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Using utility AMI networks to connect with third party devices

Using utility AMI networks to connect with third party devices

At White House’s Water Summit last month, American Water (a large, private water distribution services utility) announced a joint partnership with Commonwealth Edison (or “ComEd”, the electric distribution services provider in Northern Illinois) to pilot the use of ComEd’s smart grid network to transmit and deliver its water meter data.  This pilot will explore an increasingly common theme in utility sector:  When and where should utilities open up their advanced metering infrastructure (AMI) platform to deliver additional customer and marketplace services?

First, let’s start by outlining the key drivers an electric utility sector’s grid modernization efforts. Utility AMI platforms allow central communications with thousands (if not millions) of smart meters across cities and outside our homes & businesses through a field area network (FAN). The core value of the AMI investment is to allow utilities to drive efficiencies in meter reading, meter turn-on/off activities, customer interaction and outage management responses.

The inherit advantage of utility AMI platforms is that they usually have full market coverage across the customer base. In a connected world, this means that the utility AMI network intersects with a wide number and diversity of third party devices – sensors, controllers, and meter – commonly called the "Internet of Things" (or IoT, for short).   Examples include:

  • Homes – home area networks, responsive or ‘smart’ lights, appliances & thermostats

  • Businesses – information networks, process and energy equipment, water leak detection

  • Cities – parking occupancy sensors, connected streetlights, environmental sensors, flood-monitoring, water meters, gunshot detection

The intersection between a utility’s AMI network and the IoT is both a technical and commercial issue. Technically speaking, utility AMI networks can connect to third party devices in two ways: (1) providing network credentials to third part devices so that they can speak through existing end-points (e.g., the smart meter), or (2) adding network interface cards directly into devices (effectively adding new end-points).

Commercially speaking, utilities must consider how to structure these IoT services based on the benefits and scope of each application. Some applications can provide universal benefit for all customers (standard recovery) and others will deliver ancillary services to specific customers, which may be competitive or require special rate riders. When considering IoT application services, a utility must establish the regulatory path. Many utilities have, or are demonstrating that AMI costs are prudent to the rate base. Then the questions arise whether incremental costs would be competitive against other market options for the IoT service, and how the additional revenue streams would be applied to the AMI capital cost recovery.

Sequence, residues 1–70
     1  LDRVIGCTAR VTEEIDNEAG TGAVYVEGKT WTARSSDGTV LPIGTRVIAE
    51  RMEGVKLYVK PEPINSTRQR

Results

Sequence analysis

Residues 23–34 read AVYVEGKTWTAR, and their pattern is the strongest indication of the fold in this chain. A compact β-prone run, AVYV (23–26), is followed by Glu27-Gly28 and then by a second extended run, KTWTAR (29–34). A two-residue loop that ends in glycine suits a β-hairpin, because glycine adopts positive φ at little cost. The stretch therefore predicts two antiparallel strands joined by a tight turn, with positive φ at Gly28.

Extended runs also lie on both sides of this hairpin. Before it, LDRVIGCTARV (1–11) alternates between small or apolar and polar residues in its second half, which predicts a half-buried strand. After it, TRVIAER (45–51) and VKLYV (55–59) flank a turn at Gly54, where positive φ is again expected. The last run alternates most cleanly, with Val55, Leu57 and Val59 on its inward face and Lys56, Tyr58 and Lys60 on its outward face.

From our experience working with clients in this space, it comes down to seven key areas:

  1. Regulatory Path – identify the mechanism for cost recovery of core-service AMI/FAN infrastructure usage

  2. A Solid Business Case – justify the costs, benefits, and value proposition for delivering and supporting an IoT application for third parties

  3. Reliable, Interoperable Communications – connect to the physical devices and understand the impacts (if any) that this new IoT application could have on core operations of the electric utility

  4. Asset Management Processes – organize and integrate the device information into back-office systems

  5. Security Standards – maintain encrypted communications with IoT devices to the same level of existing end-point standards, while not accidently opening any security holes when the IoT application interfaces with the third party systems

  6. New Business Processes – Document operations & maintenance plans to run the new technology service going forward to support the third parties while not adding too much additional operational complexity for its own network

  7. People – develop the governance framework and resources to manage the new service offering, whether in a new stand-alone group or is embedded within existing utility departments

The IoT sector is facing increasing competition from technology vendors and incumbent network service providers, who are investing in this space. It’s unclear the extent to which utility providers will become a substantial market player in IoT services. The fact remains, utilities acquiring smart grid technologies have an opportunity to explore IoT service offerings that benefit their customers and business model. By focusing on their inherent strengths – connected assets, complete market coverage, customer billing relationships – utilities are well positioned to justify providing IoT services.

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